Enrico Baj

Enrico BAJ | Works and biography



Enrico Baj was painter, sculptor, essayist, writerand one of the most important post-war artists.

Enrico Baj was born in Milan in 1924. He studied at the Liceo Ginnasio Giovanni Berchet, then he enrolled in the Faculty of Medicine at the University of Milan to abandon it in favor of the Faculty of Law and the Academy of Fine Arts of Brera, which he attended at the same time .

Throughout his life he has always had relationships with Italian and foreign poets and writers including André Breton, Marcel Duchamp, Raymond Queneau, Edoardo Sanguineti, Umberto Eco and joined several artistic movements including the Surrealism, the New Realism and the Pataphysics until it was founded in 1951 with Sergio Dangelo and Gianni Dova the Nuclear Movement. The founding principle of the Nuclear Movement consisted in the belief that all forms disintegrate, because the new forms of man are those of the atomic universe. The whole of humanity, according to Baj, has become a slave to technology, and in order to find the new reality it is necessary to descend into the atom, since that is where the entire universe is located.

In 1953, together with Asger Jorn, founds the International movement for an imaginist Bauhaus, in controversy with the Ulm school from Max Bill; in 1954 the two artists gave birth to International ceramics meetings ad Albissola Marina at Mazzotti ceramics, in which they participated Lucio Fontana, Emilio Scanavino, Karel Appel, William Corneille, Roberto Matta, Aligi Sassu, Edward Jaguer.

In the 1950s, Enrico Baj collaborated with avant-garde magazines The gesture, Good and Phases. Over the years, the passion for writing increased, leading to the publication of numerous books, including Pataphysics (1982), Automitobiography (1983), Let's learn painting, Fantasy and reality with Guttuso, Ecology of art.

In 1957, Enrico Baj signs the manifesto Against style and holds the first solo show abroad, at the Gallery One from London. In 1959 he joined the Naples Manifesto. In 1962 he participated in the exhibition in New York The Art of Assemblage, on the occasion of which he met Duchamp.

Between 1963 and 1966 he spent a lot of time in Paris, where he joined the College of Pataphysics. In 1964 he obtained a personal room at the Venice Biennale and in the same year he exhibited at the Triennale of Milan.

Enrico Baj elaborates and composes his works with extremely particular and unusual materials, such as wood, fabrics, plastic or even with hydraulic pipes. The choice behind the use of these materials is justified by the fact that Baj himself believes that they represent the new world we live in. In fact, the artist used to represent his works as the mirror of a deformed reality, totally different from what we usually see, since humanity has lost its shape, becoming a slave to appearance and technology.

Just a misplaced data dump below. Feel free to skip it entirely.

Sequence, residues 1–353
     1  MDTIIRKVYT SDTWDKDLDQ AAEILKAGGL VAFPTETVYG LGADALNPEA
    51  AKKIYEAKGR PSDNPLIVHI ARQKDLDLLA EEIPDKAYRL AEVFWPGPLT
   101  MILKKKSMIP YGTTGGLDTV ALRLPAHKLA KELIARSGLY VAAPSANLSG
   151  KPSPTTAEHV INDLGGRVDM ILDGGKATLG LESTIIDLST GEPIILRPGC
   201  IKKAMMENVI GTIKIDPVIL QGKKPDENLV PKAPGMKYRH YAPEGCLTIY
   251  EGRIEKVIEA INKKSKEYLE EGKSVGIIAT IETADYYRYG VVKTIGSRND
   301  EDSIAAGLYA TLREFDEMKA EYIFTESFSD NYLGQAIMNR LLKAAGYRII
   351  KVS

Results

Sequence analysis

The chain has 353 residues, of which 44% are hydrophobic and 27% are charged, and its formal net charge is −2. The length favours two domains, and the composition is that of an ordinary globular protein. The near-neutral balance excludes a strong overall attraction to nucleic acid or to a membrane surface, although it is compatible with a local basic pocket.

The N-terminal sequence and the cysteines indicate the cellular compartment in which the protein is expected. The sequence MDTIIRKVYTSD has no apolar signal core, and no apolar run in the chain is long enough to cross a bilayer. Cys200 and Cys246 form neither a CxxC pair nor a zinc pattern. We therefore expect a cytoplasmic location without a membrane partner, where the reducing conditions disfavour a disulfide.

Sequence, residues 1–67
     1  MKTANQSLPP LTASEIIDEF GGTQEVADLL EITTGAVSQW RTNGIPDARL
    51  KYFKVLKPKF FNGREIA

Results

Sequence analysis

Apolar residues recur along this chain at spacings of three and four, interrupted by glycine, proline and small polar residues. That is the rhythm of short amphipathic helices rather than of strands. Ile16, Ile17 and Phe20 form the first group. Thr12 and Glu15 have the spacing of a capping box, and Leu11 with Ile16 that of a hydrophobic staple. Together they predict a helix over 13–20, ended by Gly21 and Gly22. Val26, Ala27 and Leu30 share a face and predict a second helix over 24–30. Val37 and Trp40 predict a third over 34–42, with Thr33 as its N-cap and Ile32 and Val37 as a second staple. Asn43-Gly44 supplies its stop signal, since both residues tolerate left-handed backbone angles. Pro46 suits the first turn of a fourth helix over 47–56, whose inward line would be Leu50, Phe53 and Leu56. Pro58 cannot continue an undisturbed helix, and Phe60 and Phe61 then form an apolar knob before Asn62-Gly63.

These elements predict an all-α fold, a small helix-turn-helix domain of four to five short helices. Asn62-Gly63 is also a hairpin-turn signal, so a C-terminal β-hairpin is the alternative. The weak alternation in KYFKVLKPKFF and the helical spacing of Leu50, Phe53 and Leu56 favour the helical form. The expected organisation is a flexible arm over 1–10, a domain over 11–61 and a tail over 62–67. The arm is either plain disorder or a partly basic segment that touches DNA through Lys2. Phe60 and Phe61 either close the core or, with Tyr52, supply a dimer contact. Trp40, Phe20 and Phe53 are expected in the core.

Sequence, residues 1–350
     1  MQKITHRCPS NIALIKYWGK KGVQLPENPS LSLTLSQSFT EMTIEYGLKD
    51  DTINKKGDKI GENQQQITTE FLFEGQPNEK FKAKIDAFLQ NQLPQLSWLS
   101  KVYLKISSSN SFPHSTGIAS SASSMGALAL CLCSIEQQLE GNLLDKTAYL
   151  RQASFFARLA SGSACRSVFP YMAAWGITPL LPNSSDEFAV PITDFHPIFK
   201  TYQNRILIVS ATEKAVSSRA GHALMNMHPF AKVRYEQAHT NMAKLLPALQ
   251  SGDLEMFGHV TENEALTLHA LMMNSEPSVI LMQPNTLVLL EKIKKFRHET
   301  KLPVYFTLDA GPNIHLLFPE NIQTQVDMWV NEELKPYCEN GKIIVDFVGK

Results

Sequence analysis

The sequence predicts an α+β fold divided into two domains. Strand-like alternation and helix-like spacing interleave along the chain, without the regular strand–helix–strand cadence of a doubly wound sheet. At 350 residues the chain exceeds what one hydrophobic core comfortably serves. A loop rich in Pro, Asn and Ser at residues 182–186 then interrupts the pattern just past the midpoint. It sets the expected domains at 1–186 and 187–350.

In his works, Enrico Baj uses different techniques, venturing into dripping, in the collage, in the'inlay or even inlacing.

Among his most famous works that have marked the history of contemporary art we remember the series of General which grotesquely represent generals in service uniforms. Enrico Baj's interest in this topic arises precisely from the fact that the artist fully lived the period of the Second World War, observing the destruction of the sense of humanity in its most complete form.

The funeral of the anarchist Pinelli it is a huge carving work, 3 meters high and 12 meters long. Inside the composition, there are 18 figures carved by Baj, including Pinelli, who is praised by the characters on the right side and practically lynched by the characters (always in military uniform and with monstrous features) on his left. This work represents the interest that Enrico Baj has always had in the field of public justice, an opinion that has often made him deploy (ideologically) on the side of the revolutionaries, who would like to change the world in favor of a sense of humanity stronger than that. current.

The series of sculptures of the Plastic ties they represent one of the symbols of modern social status, the ties in fact, made of a material from which the whole modern world is now invaded. It is a collection of works with a strong connotation of social criticism.

Also Mannequins, together withKill the robot, represent a very strong message of social criticism, in which Enrico Baj discusses the society now totally lost in the process of infinite progress, of which he is increasingly a slave and less master.

In the Tribal masks we find instead the warning of Enrico Baj towards the western society of the late twentieth century, which has lost any sense of psycho-cultural evolution, to return (humanly speaking) to the primitive stage. It is all obviously an oxymoron towards unbridled progressivism, criticized by Baj in practically all of his works.